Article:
The top of the dashboard displays several buttons to perform functions on Sources and Destinations.
You can perform the following functions:
·
·
·
·
·
·
·
Takes
Undoing Takes
Adding to a Batch
Breakaways
Lock
Protect
Clear (Lock and Protect)
Note: Turn on the Multi-select option at the bottom if you want to select multiple destinations.
Takes
You can do a TAKE by selecting a sources and destination(s).
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Router Soft Panel Overview
Note: The TAKE button at the top is enabled (Red) when you select at least one source and one or more
destinations.
Figure 55: Performing a Take
Undoing a Take
Once a TAKE has been performed, the Undo button is enabled and you can choose to Undo the last
TAKE.
Note that only the last TAKE can be undone, not any takes prior to that.
When you click Undo, a message will be displayed asking for confirmation of the requested Undo
function for the last TAKE.
Figure 56: Undoing a Take
Add to Batch
You can select a Source and one or more Destinations and add it to a Batch.
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Router Soft Panel Overview
Note: The Add to Batch button at the top is enabled when you have at least one source and one
destination selected.
Figure 57: Add to Batch
The Add to Batch button reflect the number of batches currently stored.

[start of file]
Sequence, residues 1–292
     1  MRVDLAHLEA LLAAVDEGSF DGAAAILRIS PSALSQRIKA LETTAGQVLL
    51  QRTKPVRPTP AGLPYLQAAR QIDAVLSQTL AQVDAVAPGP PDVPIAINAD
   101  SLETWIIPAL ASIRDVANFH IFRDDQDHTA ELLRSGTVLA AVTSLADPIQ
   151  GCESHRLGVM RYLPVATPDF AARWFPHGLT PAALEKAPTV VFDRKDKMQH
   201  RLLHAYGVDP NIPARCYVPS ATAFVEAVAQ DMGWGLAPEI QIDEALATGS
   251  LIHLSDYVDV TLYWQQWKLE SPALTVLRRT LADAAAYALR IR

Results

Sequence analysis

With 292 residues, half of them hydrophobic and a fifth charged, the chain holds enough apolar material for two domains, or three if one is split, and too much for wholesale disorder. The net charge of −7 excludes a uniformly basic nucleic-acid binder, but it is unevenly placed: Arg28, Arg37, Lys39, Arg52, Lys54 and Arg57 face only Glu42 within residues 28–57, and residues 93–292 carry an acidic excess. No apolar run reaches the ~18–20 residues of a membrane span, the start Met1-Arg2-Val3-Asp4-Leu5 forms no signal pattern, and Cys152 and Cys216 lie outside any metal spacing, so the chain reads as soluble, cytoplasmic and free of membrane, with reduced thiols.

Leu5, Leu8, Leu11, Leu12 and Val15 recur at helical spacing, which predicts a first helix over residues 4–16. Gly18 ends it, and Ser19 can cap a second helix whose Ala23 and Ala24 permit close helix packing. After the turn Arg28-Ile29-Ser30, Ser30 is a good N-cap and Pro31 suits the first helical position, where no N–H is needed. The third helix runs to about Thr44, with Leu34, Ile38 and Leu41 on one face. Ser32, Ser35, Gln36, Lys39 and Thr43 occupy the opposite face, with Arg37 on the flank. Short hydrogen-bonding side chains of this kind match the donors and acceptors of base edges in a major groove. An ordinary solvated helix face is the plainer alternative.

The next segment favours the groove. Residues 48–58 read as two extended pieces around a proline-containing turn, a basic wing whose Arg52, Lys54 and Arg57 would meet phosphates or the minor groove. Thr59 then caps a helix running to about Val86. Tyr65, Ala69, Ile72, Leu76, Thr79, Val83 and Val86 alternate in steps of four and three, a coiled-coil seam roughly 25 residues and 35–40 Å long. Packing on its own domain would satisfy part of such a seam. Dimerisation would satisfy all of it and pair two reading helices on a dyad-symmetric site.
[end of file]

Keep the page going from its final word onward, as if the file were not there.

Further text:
Switch to the Batch View (on page 122) to see the contents of batches.
Breakaway
To perform a breakaway, select a Source and a Destination and click the Breakaway button at the top.
A confirmation dialog displays the following details:
·
·
Destination
Selected Destination(s) will be displayed. Select the Level.
Take
The TAKE button is then enabled and you can click TAKE to send the Breakaway command to the
Router.
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Router Soft Panel Overview
Lock
The Lock function prevents all users from changing the destination.
You can lock one or more destinations by selecting (use multi-select to select multiple) the destinations ,
clicking the last function button at the top and clicking Lock.
Locked Destinations will display a special icon to denote their locked status.
The user that initiated the Lock can clear it using the Clear Lock/Protect function. See Clear
(Lock/Protect) (on page 121).
Protect
The Protect function prevents users (except the user who initiated the Protect) from changing the
destination.
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Router Soft Panel Overview
You can protect one or more destinations by selecting (use multi-select to select multiple) the
destinations , clicking the last function button at the top and clicking Protect.
Protected Destinations will display a special icon to denote their protected status.
The user that initiated the Protect can clear protected Destinations using the Clear Lock/Protect
function. See Clear (Lock/Protect) (on page 121).
Clear (Lock/Protect)
The Clear function can be used to clear locked or protected Destinations. Administrator users can
override the locks set by other operators.
To clear locks or protects, select the locked/protected destinations and then select the Clear option
from the last function button at the top.